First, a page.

On Eth. Nic. I. c. 5

Classical Quarterly 15 (2):85-98 (1921)

In E.N. I. c. 5 Aristotle is considering divers views as to what constitutes Eudaimonia. He told us in c. 4, 2–3 that there are many conflicting opinions on the subject. The Many identify Happiness with some palpable good, such as pleasure, wealth, honour, but the Wise identify it with something beyond the Many, while [Plato] denied it to be any specific good at all. Of all these views we should consider such as have many adherents or are considered to be reasonable. Accordingly, the Universal Good is considered in c. 6 after consideration in c. 5 of five particular goods—pleasure in the form of bodily pleasure, honour, wealth, virtue [and, implied in the theoretic Life, wisdom]. These five goods are brought into relation with four Lives—viz. pleasure with the apolaustic; honour and virtue with the political; [wisdom] with the theoretic; wealth with the business or money-making Life; and the first three Lives are called προέχοντες. There is nothing in this introduction of the Lives to astonish us; for, as Aristotle himself tells us, τò ληθς ν τοȋς πρακτικοȋς κ τν ργων κα τοû βίου κρίνεται . But there is much difference of opinion as to the argument he draws from the Lives. According to the view now submitted for consideration, the argument is that when a specific good, which some suppose to be Eudaimonia, is also the end of a ‘pre-eminent’ Life, then there is some prima facie probability in the view that that specific good is Eudaimonia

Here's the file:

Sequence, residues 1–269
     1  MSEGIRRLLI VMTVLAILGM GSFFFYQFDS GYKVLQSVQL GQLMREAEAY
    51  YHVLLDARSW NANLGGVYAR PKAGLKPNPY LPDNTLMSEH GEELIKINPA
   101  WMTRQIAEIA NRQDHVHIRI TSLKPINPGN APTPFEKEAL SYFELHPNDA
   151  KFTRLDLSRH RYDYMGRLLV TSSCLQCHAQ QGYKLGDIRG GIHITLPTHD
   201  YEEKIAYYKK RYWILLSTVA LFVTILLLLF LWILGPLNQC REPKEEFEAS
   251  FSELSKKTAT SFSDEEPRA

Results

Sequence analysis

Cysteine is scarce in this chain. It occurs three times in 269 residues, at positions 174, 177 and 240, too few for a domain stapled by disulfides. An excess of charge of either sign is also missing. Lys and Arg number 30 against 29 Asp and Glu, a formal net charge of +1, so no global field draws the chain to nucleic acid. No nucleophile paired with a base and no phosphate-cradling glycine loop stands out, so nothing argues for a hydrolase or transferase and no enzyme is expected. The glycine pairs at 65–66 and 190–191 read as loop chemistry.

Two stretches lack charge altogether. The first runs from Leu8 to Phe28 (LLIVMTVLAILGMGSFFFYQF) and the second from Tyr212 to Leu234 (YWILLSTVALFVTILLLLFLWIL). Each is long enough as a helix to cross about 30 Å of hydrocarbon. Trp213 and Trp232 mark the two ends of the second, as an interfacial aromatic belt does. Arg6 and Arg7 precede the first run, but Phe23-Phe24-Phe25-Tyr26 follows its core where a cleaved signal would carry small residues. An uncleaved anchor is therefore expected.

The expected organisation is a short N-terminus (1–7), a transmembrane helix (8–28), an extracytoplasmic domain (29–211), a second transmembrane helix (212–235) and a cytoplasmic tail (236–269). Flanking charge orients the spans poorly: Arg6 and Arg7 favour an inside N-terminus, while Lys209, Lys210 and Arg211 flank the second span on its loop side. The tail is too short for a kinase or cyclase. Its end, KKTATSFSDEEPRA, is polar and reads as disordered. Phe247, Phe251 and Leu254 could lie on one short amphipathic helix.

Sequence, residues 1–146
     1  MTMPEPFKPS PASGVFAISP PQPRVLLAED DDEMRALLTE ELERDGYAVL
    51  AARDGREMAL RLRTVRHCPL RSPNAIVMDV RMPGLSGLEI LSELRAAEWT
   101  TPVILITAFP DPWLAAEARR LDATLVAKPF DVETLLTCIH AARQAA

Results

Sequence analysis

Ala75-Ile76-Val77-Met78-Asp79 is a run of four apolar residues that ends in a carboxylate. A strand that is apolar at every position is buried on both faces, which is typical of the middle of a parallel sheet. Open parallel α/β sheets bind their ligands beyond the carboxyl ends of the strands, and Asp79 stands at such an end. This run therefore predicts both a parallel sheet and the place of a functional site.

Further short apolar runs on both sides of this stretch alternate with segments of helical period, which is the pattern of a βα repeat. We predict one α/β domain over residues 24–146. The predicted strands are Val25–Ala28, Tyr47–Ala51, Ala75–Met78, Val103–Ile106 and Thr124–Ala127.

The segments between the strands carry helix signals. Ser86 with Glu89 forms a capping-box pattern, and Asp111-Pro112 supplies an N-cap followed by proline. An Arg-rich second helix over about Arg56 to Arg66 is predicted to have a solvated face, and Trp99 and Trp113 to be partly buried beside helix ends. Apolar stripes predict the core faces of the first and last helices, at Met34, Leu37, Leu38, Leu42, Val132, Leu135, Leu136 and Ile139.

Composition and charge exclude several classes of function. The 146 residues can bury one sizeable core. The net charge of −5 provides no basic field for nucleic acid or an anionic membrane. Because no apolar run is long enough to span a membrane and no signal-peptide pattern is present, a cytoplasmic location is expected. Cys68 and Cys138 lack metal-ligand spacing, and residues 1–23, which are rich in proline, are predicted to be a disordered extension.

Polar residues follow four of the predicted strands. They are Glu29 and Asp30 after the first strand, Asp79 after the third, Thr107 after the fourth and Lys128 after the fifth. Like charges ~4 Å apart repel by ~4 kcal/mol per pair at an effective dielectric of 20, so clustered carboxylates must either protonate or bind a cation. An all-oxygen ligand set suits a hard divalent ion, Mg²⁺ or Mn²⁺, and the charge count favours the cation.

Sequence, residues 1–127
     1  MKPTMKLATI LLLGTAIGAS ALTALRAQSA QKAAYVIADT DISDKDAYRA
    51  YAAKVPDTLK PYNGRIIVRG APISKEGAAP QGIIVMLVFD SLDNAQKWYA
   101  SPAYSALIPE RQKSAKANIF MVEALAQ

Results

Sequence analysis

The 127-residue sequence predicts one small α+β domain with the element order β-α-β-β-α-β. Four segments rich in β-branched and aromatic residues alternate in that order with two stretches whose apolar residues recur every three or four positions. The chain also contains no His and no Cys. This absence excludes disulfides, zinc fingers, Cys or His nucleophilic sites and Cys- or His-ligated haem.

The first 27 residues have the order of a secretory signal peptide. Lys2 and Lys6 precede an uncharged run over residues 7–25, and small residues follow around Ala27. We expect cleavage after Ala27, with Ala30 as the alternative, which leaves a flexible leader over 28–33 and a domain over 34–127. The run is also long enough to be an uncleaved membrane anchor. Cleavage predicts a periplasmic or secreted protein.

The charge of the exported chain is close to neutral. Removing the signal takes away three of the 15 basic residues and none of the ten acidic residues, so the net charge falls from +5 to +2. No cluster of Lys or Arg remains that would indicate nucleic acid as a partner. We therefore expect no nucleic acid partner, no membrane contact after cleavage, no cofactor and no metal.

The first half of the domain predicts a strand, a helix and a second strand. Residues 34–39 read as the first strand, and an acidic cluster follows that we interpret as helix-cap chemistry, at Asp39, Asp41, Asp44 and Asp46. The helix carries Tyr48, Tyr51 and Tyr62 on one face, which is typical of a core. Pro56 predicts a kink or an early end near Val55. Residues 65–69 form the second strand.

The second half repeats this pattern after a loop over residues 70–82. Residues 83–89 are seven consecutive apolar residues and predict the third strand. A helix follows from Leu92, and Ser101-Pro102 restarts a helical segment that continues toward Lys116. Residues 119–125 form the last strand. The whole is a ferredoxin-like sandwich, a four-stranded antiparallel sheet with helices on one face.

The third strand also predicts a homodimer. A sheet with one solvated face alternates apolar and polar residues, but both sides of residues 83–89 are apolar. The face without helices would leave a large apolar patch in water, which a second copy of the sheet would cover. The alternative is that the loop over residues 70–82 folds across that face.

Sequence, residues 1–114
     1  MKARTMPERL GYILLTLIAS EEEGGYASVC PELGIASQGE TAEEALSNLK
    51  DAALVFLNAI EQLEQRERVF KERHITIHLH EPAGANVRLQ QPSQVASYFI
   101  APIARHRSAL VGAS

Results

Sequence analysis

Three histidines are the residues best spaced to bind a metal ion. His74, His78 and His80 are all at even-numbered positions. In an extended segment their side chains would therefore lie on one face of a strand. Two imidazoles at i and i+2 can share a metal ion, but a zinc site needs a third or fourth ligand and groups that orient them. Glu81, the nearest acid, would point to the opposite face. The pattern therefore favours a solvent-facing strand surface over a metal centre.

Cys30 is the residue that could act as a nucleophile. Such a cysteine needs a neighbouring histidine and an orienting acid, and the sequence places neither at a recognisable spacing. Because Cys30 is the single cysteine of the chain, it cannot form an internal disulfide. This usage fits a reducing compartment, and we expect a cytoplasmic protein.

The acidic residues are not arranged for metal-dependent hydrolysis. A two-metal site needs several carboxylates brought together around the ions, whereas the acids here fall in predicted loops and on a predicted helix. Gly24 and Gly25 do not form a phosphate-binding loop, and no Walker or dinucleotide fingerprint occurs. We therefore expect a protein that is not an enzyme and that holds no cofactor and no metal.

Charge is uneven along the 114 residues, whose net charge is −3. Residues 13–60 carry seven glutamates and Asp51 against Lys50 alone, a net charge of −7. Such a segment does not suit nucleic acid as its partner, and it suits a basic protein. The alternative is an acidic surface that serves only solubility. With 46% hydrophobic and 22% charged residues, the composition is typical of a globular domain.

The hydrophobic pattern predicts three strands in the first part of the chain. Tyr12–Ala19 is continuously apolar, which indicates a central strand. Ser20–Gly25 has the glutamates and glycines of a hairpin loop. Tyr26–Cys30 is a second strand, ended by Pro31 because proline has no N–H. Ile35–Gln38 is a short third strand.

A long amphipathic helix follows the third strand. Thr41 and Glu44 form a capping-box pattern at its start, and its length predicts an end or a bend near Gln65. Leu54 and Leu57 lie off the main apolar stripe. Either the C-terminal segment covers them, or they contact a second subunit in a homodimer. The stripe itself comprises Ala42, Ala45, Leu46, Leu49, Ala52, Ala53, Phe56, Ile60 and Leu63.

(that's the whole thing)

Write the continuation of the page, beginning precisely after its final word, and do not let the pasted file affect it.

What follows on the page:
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DOI http://dx.doi.org/10.1017/s0009838800000069
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